States by natural physical barriers including the non-forested high desert areas of the Great Basin in Nevada and eastern Oregon, and the Okanogan Valley in eastern Washington. At its extreme northern (unoccupied) extent in northern Washington, the DPS is separated from the western extension of the Rocky Mountains and associated ranges by the Okanogan Valley, a distance of approximately 93 to 124 mi (150 to 200 km), which is well beyond the dispersal range for the species. Other physical barriers that separate the West Coast population from Rocky Mountain and eastern U.S. fisher populations include major highways, urban and rural open-canopied areas, agricultural development, and other nonforested areas. Fishers have a strong aversion to areas lacking in forest cover or to crossing large rivers that do not freeze in the winter (Powell 1993; Powell and Zielinski 1994; Aubry and Lewis 2003); these behavioral factors, along with the other numerous barriers identified above, represent a significant impediment to eastward or westward movement for the fisher.
We currently have limited information on dispersal distances of fishers in the western United States. However, studies conducted on fisher dispersal in the northeastern United States indicate that dispersal distances are relatively short (Arthur et al. 1993; York 1996). There is no evidence that fishers are successfully dispersing outside of known population areas in California and Oregon. This is possibly due to the extent of habitat fragmentation, developed or disturbed landscapes, and highways and interstate corridors (see dispersal section above).
Genetic information (Drew et al. 2003) indicates that the West Coast population of fisher originally colonized the Pacific states from British Columbia. The current range of fisher in British Columbia has been reduced and connection to fisher populations in the continental United States no longer exists (Weir 2003, BC Species and Ecosystems Explorer 2003). The fisher's present range in British Columbia has contracted northward from the international boundary by about 200 kilometers. (Weir 2003). Movement of fisher from British Columbia southward to areas occupied by the West Coast population is not possible based on lack of available habitat, habitat preferences, and dispersal behavior of the fisher.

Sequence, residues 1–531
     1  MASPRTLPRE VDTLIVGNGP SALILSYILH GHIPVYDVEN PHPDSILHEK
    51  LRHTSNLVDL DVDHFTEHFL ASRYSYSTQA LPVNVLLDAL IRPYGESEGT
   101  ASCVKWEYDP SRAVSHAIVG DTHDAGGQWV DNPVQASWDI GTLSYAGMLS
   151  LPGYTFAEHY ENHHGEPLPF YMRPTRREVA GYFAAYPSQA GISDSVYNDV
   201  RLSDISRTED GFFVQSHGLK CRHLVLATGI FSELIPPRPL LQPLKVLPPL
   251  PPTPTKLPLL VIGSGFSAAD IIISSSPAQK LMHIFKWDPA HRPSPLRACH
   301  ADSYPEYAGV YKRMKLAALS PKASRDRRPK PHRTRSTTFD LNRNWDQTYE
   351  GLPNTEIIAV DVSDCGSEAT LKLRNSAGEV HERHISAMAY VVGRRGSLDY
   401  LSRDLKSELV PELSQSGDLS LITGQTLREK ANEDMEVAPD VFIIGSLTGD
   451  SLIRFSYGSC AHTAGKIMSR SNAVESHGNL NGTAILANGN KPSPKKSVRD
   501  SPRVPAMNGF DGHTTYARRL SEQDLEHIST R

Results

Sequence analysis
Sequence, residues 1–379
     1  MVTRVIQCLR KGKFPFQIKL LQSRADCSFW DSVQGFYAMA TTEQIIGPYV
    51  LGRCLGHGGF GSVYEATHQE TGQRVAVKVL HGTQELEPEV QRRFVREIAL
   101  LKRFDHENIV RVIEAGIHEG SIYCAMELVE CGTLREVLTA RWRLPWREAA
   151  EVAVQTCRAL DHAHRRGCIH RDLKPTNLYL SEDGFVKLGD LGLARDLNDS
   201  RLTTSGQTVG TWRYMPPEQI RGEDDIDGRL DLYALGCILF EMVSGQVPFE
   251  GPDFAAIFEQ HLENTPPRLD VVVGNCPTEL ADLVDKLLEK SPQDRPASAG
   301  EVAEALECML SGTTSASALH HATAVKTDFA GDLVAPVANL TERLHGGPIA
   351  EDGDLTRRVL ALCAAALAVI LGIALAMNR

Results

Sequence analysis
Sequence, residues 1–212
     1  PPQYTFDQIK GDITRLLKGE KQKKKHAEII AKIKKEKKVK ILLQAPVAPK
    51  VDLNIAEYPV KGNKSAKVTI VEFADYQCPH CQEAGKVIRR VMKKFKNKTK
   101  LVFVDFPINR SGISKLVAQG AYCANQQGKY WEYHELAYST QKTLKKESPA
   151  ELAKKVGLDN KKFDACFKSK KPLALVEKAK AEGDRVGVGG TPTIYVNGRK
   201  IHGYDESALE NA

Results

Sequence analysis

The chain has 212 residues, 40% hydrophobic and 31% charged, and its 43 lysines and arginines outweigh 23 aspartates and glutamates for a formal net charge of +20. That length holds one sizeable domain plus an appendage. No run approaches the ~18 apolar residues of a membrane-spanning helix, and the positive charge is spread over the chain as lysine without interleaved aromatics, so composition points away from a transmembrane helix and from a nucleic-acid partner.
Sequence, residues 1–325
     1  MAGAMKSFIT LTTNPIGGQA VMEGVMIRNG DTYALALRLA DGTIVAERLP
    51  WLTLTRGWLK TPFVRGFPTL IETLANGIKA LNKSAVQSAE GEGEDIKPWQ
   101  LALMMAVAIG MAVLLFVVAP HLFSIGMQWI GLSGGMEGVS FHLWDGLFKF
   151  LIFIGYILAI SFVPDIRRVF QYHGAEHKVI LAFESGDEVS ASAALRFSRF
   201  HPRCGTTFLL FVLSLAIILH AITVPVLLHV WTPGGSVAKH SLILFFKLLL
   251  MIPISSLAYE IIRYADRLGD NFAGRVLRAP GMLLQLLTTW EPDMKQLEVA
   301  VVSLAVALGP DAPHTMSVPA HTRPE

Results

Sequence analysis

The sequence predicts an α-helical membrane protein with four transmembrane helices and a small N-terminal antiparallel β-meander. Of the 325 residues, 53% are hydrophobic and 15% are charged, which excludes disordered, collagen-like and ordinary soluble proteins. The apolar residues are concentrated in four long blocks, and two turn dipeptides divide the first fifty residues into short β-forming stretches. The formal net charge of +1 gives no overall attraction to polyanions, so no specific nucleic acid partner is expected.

The West Coast population also appears to be separated from other populations as a result of ecological factors, as they use forest types that differ in species composition, tree size, and habitat structure as compared to those used by fishers in other populations. The fisher is regarded as a habitat specialist in the western United States (Buskirk and Powell 1994), occurring only at mid to lower elevation in mature conifer and mixed conifer/hardwood forests characterized by dense canopies and abundant large trees, snags, and logs (Powell and Zielinski 1994). In contrast, fishers in the northeastern United States and the Great Lakes region inhabit areas with a large component of deciduous hardwood forest containing American beech (Fagus grandifolia), sugar maple (Acer saccharum), and other broadleaf species (Powell and Zielinski 1994). The majority of conifer forest habitat in Canada is characterized as boreal forest, which is different from the relatively dryer environmental conditions associated with Washington, Oregon, and California. In the Rocky Mountains of north central Idaho, certain all-conifer habitat types which include grand fir and Engelmann spruce appear to be important to, and preferentially selected by fishers (Jones 1991).
With regard to physiological differences, the fishers in the native northern California population are significantly smaller in size (based on condylobasal length) than fishers from western and central Canada (Hagmeier 1959; Zielinski et al. 1995; Aubry and Lewis 2003.